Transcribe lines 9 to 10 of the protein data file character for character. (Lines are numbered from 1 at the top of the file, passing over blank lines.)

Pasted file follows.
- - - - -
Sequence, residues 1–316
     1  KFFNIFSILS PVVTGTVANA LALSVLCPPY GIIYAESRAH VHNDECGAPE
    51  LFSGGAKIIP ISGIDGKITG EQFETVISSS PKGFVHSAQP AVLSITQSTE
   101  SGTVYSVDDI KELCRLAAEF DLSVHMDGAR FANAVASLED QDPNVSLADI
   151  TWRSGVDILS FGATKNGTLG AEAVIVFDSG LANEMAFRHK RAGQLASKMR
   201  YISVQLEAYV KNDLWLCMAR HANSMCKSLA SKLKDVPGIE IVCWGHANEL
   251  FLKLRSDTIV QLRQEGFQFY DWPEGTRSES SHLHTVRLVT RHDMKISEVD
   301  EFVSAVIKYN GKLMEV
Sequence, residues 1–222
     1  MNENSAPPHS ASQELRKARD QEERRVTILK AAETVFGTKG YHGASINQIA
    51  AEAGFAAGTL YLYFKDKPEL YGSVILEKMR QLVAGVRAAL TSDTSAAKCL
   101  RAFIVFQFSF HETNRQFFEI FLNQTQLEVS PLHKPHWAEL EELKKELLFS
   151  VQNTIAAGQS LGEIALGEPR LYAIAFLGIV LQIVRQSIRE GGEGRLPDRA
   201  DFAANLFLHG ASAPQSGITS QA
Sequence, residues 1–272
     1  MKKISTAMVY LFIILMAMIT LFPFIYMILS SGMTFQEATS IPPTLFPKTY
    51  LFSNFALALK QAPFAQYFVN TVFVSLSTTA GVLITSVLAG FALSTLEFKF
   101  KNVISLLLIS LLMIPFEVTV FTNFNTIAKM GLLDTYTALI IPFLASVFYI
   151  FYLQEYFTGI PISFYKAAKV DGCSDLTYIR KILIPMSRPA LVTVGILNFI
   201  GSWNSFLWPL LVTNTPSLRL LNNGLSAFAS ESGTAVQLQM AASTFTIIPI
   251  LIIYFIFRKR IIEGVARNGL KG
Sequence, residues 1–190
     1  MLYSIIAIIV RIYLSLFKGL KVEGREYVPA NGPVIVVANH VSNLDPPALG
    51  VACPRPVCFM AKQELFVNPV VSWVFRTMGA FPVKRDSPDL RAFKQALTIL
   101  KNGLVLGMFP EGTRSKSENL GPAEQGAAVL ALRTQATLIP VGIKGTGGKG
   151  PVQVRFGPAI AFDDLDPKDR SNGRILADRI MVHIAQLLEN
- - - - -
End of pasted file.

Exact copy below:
Sequence, residues 1–222
     1  MNENSAPPHS ASQELRKARD QEERRVTILK AAETVFGTKG YHGASINQIA